"Regulus" was outstanding. Two thumbs up, five stars, a great historical film. I'd read a little and heard a little of the Regulus program, but very little...mainly in reading about the post-Regulus exploits of a couple of the SSN's that had been outfitted to carry the missile (and later were converted for covert operations, the old Regulus hangars used to carry cable tapping gear). I toured the Growler, one of the Regulus diesal boats, now a museum in New York City. But I knew precious little about the program itself.

Turns out (and to you "old timers" who served on these boats, this is old news) that the Regulus missile was a nuke, and the Regulus boats were the great-grandaddies of the Trident SSBN's in service today. From the late '50's through the Cuban missile crisis, the Regulus SSG's and SSGN's were the Navy's nuclear deterrent (along with a handful of surface ships and carriers that handled the missile). Regulus itself was a follow-on to the German V-1 rockets that we captured at the close of WWII.

Regulus had a short life...the second Regulus missile never really made it into production. But it broke ground in submarines carrying missiles, and the boats shown in the film pioneered many of the ideas we now take for granted in the "boomer" and Tomahawk programs of the modern submarine force.

Spark's film was outstanding...highly recommended, excellently made, with extra footage and dozens of photos, interviews with Regulus test personnel and the submarine crews, and a lot of footage that has only recently been declassified. A rare look into the early days of missiles on subs.

(A note to the crew of Ultraquiet...I'd be more than happy to send along both movies for me for details.)

Friday, November 11, 2005

A Sub Vet's Story

To my fellow Veterans: thank you for your service. On this Veteran's Day, I'd like to share this story (crossposted at Unconsidered Trifles) about a Sub Vet--a Lieutenant and an English major to boot!--as he had to face Admiral Rickover to enter "his" nuke sub program back in its early days:
“I thought I was a pretty hot pistol, a lieutenant, been on a submarine,” he says. “He was there, looked up at me, said ‘Who the hell are you?’ I gave him my name. ‘What do you want?’ I told him, ‘I want to go on your nuclear sub.’ He had my papers on his desk. ‘What did you do at Harvard?’ I said I majored in English lit and history. ‘You what? You know what you are?’ I said no sir. ‘You are an intellectual bum. Get the hell out of here.’ So I said, ‘OK. I don’t need any of this,’ and I started to leave.”
Let's hear it for us "intellectual bums" here in the Humanities! hoo-RAY! ... LOL

Thursday, November 10, 2005

Are Submariners Superstitious? -As A Group, No.

The first USS Maine was a "Second Class Battleship” designated an Armored Cruiser (ACR-1 ). The next two Maines were battleships BB-10 and the BB-69 (never built).

The third, commissioned USS Maine is the SSBN-741 an Ohio-class, Trident ballistic missile nuclear submarine. This USS Maine played a part in Tom Clancy's techno-thriller The Sum of All Fears. In the book, the Maine is destroyed by a Soviet submarine. Clancy used an author’s gimmick to inject realism, knowing some people were already familiar with the destruction of the first Maine, ACR-1.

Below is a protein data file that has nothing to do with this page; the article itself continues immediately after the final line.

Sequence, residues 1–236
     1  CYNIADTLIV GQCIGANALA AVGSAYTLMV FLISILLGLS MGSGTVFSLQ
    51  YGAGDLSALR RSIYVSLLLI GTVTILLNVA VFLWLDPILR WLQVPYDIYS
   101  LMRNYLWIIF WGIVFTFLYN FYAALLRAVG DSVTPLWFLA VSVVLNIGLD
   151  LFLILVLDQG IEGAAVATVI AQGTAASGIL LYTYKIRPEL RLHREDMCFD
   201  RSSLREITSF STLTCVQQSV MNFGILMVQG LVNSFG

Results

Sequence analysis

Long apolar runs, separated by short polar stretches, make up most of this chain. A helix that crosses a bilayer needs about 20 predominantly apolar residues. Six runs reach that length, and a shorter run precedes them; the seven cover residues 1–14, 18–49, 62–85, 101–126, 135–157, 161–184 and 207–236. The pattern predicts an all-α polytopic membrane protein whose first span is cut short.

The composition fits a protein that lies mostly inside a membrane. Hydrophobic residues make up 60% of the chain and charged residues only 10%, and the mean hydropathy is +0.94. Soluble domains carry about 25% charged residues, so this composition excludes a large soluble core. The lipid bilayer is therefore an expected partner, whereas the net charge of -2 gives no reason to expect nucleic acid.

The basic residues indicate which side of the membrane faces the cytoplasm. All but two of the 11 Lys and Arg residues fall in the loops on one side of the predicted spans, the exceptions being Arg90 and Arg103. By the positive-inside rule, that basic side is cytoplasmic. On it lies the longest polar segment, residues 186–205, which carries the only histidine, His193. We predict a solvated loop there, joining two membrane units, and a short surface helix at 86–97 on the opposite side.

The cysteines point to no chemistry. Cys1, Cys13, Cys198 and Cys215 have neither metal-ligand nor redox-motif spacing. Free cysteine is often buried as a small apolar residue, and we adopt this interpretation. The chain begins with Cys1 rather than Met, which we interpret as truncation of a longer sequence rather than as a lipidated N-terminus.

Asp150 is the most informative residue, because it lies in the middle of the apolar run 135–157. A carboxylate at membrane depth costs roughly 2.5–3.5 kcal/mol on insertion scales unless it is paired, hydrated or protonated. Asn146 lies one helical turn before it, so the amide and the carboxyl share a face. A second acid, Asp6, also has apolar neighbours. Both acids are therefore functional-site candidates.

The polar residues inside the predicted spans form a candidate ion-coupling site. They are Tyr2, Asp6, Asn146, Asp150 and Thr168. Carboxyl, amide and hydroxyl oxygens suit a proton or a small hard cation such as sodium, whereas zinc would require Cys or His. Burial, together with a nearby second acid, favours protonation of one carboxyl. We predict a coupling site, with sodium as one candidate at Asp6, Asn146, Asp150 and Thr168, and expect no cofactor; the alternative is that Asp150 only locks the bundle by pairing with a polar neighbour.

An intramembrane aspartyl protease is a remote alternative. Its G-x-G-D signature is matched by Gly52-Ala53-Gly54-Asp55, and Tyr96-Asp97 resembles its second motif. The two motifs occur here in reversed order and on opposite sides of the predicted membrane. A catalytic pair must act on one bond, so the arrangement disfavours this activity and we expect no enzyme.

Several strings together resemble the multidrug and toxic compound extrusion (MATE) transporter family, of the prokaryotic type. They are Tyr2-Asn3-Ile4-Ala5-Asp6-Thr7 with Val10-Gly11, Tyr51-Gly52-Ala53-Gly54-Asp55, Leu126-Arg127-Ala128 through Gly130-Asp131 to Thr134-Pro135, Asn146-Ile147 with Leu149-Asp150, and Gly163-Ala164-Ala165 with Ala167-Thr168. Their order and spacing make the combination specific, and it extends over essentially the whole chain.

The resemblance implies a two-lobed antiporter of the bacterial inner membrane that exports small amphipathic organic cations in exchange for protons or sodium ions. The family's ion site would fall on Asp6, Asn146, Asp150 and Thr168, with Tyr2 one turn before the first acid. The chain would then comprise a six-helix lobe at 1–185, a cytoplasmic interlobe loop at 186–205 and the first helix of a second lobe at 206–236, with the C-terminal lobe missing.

In fact, the mast of the ACR-1 is displayed at the Arlington National Cemetery memorial honoring those lost when that ship mysteriously exploded in 1898, in Havana Harbor. The explosion and loss of life lead to the Spanish-American War. In 1976, Admiral Hyman G. Rickover published his research, How the Battleship Maine Was Destroyed. The admiral applied modern science to determine the actual cause of Maine’s explosion. Using documentation from original courts of inquiry, as well as information on the construction and ammunition of Maine, his research concluded that damage caused was inconsistent with an explosion due to an external mine. The most likely cause, was spontaneous combustion of coal in the bunker next to the magazine.

Rickover is historically connected to the Maine disaster through his book, and to the submarine Maine as Father of the Nuclear Submarine Navy.

By necessity and selection, submariners are among the least superstitious and most cerebral of any branch in the armed forces. As Juan Caruso says in the first line of his poem Extreme Creatures, “... (they) Who suffer no attrition upon news their kind are sunk”.

The fact is reinforced too often during war, but sufficiently even in "peace." Ask those assigned to subs named the same as an earlier, sunk one or even earlier sunk two. Ask the nonquals in sub school when Thresher or Scorpion were lost with no convincing explanations forthcoming for months or years. Ask those who have transited the Bermuda Triangle submerged and often, who have slept under tons of thick ice and crushing water. Ask those who heard their ship creak under deep dives, and watch deck plates buckle. Ask those who fought real fires, leaks and vital system failures in near total darkness. You either remember these or get the picture.

We had one crewman need a sedative when a practice, MK 45 dented our superstructure (in a friendly 'attack' exercise) just inches from the rack where he had been sleeping. A nuclear torpedo hit that close and personal was an alarm clock from hell for him. As you might imagine, we found humor and thought what our own reactions would have been.